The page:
Perhaps you have just sourced some reclaimed hardwood flooring, or milled some old barn beams into new floor boards and you’re starting to think about installation. Here are a few tips to help you along your way.
First, let me say that hardwood is one of the most difficult types of flooring to install, whether it’s new or reclaimed hardwood. Like so many things in life, some extra time taken when installing the floor can save you time and expense on repairs in the long run.
Due to the many challenges with installing reclaimed hardwood flooring, I strongly urge you to seek the advice of someone with knowledge and know-how. After all, even though you’re recycling an old wood product, chances are you paid a decent penny for it, so you want to get the job done right.
There are many tips out there for installing hardwood floors, but these are some issues that you need to consider if you are specifically using reclaimed hardwood.
1 – Always round up. When you’re sourcing your reclaimed hardwood floors, you want to make sure you are getting the right quantity with some to spare to allow some margin of error. For instance, if your room is 10.5 ft by 12.5 feet, calculate your surface area as 11 X 13 = 143 sq ft. If the reclaimed wood flooring bundles are each 20 square feet, you will need to order 8 bundles.
2 – Consider different plank width in your calculations. Depending on your source, you might end up with a couple of different widths or more for the floorboards. This can create a very unique look to a floor and can really add to the character and artistic flow of the room. However, you do need to make sure you have adequate quantities of the different widths. For instance, if you are planning on having a very wide board width interspersed maybe running in three evenly spaced rows across the room, make sure that you have enough length feet to do this. If the room is 11 feet long, you’ll need 11(room length) x3 (complete rows)=33 feet length of the wide board. If the wide board bundles come in 40 foot length packages, you’ll just need the one.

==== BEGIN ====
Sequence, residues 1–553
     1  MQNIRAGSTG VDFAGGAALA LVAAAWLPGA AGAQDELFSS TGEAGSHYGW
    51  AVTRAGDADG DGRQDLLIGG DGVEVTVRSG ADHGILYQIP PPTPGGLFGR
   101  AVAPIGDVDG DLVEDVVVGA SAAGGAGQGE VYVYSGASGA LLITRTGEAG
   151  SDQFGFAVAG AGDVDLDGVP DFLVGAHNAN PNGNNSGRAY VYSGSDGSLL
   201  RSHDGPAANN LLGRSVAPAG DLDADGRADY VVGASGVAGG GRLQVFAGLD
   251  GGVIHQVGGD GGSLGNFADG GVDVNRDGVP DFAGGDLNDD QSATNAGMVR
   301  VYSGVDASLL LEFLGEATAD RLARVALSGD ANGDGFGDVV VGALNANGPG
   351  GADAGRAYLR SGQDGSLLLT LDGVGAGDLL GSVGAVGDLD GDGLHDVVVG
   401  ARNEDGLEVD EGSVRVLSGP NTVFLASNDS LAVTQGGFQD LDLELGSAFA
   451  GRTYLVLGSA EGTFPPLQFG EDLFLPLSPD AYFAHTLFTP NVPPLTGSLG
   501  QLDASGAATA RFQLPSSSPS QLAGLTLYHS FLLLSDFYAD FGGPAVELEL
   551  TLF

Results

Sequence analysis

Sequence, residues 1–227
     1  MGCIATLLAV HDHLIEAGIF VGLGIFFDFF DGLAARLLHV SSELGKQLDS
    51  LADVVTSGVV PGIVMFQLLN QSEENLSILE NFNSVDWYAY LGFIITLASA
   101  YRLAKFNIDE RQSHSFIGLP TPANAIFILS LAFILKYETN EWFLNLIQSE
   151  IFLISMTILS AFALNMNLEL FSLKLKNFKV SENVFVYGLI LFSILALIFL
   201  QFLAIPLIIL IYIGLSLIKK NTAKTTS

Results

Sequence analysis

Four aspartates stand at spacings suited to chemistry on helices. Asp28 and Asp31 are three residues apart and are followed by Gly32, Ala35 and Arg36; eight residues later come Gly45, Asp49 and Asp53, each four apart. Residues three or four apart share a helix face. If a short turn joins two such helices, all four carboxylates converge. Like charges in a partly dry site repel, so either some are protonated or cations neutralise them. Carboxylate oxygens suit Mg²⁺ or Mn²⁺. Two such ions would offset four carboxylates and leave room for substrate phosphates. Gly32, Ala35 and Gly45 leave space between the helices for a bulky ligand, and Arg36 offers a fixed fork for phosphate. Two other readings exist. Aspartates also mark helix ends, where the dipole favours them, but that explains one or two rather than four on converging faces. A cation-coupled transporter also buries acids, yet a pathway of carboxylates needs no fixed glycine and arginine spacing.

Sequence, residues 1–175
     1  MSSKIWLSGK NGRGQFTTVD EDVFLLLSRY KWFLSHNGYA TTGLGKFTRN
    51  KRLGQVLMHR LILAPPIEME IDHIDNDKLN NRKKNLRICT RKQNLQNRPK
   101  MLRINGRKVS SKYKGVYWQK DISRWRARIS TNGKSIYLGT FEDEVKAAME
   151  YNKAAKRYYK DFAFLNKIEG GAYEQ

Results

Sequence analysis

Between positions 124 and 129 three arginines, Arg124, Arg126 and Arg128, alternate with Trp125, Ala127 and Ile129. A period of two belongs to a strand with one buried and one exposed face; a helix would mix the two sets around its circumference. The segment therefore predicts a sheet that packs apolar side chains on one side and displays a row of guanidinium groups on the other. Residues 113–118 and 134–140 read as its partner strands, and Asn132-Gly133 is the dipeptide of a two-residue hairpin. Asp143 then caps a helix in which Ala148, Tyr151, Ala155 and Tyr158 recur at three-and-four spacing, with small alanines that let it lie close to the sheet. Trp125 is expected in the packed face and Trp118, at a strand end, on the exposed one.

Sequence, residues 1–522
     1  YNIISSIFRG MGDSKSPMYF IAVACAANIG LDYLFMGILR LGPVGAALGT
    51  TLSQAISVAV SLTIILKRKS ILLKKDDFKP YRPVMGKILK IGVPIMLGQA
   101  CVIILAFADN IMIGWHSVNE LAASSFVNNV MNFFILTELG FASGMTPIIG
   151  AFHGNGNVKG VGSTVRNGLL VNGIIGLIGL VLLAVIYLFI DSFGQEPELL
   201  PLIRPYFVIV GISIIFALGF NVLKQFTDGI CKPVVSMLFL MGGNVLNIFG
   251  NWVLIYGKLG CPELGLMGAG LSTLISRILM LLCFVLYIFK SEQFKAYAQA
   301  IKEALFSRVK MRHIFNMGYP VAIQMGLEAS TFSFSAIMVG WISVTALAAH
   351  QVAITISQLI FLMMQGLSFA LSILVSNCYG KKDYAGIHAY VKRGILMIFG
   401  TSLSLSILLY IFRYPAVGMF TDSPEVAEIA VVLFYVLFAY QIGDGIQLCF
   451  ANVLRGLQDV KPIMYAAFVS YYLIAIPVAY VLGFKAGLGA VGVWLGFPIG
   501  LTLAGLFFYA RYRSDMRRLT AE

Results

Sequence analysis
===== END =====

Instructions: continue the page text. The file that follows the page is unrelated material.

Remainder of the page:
3 – Measure your room to be sure it’s squared. If a room isn’t squared, then you will have to taper the floor boards at one or both sides of the room.
4 – Let the reclaimed wood acclimatize to the room. Store the reclaimed wood in bundles in the room for about three weeks to allow them to acclimate to the humidity and temperature conditions of the room. Even though this wood may have been the side of a barn for the last hundred years, this is the first time it’s been in your home and you want to give it a proper introduction!
5 – Make sure your subfloor is sound and dry. A hardwood floor is only as good as its subfloor and this is the perfect example of where some extra effort up front can save you in the long run. If you’re putting it on a concrete floor, be sure to read the proper drying time depending on the thickness. Don’t rush it as otherwise all the moisture from the concrete will just go into your new (old) wood floor!
6 – Leave an expansion gap. This goes for all hardwood floors of course, but don’t think that because your reclaimed wood has been expanding and contracting for decades that it won’t still do it a little on your floor. After removing any floor trim and molding, mark a ¼” space from the wall to allow for expansion. This gap will be covered by molding and trim when the floor is all done.
7 – Do a dry run. Before you do any cutting, lay the reclaimed flooring out on the floor in a sort of dress rehearsal. This allows you to distribute the real character pieces as desired. Consider where furniture will likely go too as you may not want to cover up that lovely knot with an area rug or sofa. This is a time to play and brink out the look you want from your character flooring.
After this, it really is no different than installing any other hardwood floor. It will be difficult, but worth every effort in the end. Reclaimed hardwood flooring will add character to any room. Good luck!